Leadership chops is an unknown for Patrick Mahomes as he enters his first year as a starting quarterback in the NFL.
But one of his former wide receivers at Texas Tech said he believes the Chiefs are in good hands in that department.
“He commands the huddle,” said Ja’Deion High, a senior who spent two years with Mahomes in Lubbock. “If you mess up, he’s not going to get in your face unless he has to, and unless you keep messing up. He’ll make sure you know what you’re doing.”
Mahomes, who passed for 11,252 yards and 93 touchdowns in 32 college games, was the Chiefs’ first-round draft pick in 2017. He appeared in one game last season, the Chiefs’ finale victory at Denver, and is now the team’s starter after Alex Smith was traded in the offseason.
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No one questions Mahomes’ passing ability.
“He’s got what I call a crazy arm,” High said. “He throws from all kinds of positions. He throws that thing 80 yards, sidearm.”
But the inexperience is a real thing. Even former NFL executive and legendary scout Gil Brandt, an avowed Mahomes fan, throws up a caution flag.
“He will look really good at practice, and he’ll look good at training camp and the preseason games,” Brandt said. “But once you start the first game, it’s like going from second grade to being a graduate student at MIT.”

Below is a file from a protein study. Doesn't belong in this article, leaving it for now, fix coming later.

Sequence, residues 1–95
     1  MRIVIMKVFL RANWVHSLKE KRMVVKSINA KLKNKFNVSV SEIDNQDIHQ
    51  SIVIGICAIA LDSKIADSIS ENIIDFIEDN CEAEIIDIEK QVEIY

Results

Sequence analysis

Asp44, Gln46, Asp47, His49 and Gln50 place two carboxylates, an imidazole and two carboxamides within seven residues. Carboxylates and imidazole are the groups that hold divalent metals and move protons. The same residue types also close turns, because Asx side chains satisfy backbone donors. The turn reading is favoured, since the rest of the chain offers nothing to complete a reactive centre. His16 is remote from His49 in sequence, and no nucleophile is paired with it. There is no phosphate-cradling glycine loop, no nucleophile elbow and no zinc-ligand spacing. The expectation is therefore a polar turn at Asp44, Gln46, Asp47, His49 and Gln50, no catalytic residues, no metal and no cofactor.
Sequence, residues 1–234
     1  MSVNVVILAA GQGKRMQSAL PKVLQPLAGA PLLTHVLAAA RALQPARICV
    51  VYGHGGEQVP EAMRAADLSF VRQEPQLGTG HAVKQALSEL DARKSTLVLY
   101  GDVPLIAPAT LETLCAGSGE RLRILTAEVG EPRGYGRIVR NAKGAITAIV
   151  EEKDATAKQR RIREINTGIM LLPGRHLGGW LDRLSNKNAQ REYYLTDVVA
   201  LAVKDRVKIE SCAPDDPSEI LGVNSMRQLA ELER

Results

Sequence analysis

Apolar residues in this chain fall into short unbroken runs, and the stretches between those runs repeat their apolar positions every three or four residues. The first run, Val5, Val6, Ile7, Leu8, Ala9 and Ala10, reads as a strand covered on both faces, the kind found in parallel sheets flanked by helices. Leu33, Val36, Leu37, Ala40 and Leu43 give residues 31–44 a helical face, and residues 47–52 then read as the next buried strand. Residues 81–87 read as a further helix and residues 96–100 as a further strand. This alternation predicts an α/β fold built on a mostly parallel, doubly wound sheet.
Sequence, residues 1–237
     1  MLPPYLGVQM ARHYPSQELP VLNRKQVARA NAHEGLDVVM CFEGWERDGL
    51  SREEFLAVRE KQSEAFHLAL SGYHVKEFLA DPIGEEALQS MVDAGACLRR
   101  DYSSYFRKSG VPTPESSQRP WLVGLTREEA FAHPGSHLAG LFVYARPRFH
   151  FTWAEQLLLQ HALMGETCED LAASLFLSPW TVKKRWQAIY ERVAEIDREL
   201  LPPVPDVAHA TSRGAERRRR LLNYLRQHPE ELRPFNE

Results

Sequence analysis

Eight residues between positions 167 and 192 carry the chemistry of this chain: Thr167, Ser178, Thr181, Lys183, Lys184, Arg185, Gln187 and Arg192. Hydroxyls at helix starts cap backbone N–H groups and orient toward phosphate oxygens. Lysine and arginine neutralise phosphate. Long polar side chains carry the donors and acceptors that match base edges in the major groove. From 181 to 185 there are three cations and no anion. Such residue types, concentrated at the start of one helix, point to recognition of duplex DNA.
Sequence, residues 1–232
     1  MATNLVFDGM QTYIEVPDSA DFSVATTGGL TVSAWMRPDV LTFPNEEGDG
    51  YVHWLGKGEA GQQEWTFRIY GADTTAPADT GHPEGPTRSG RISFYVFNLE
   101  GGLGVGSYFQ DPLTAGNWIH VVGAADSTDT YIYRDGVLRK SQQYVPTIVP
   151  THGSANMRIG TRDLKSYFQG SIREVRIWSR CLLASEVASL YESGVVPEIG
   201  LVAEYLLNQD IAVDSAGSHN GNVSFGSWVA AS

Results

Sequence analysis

Brandt said he once asked former Cowboys safety Cliff Harris about the difference between camp and the regular season.
“He said in camp they ran three defenses,” Brandt said. “Then, in the opener, they ran 51.”
A strong supporting cast — coach Andy Reid and a multi-weapon offense — will provide a big benefit to Mahomes, said those who attended Big 12 Media Days on Monday.
“Just taking to him this spring and where his knowledge of the offense was and his understanding, it sounds like he felt really good about things and the game has slowed down for him,” said Mahomes’ college coach, Kliff Kingsbury. “Just listening to him, he feels very comfortable about what’s going on.”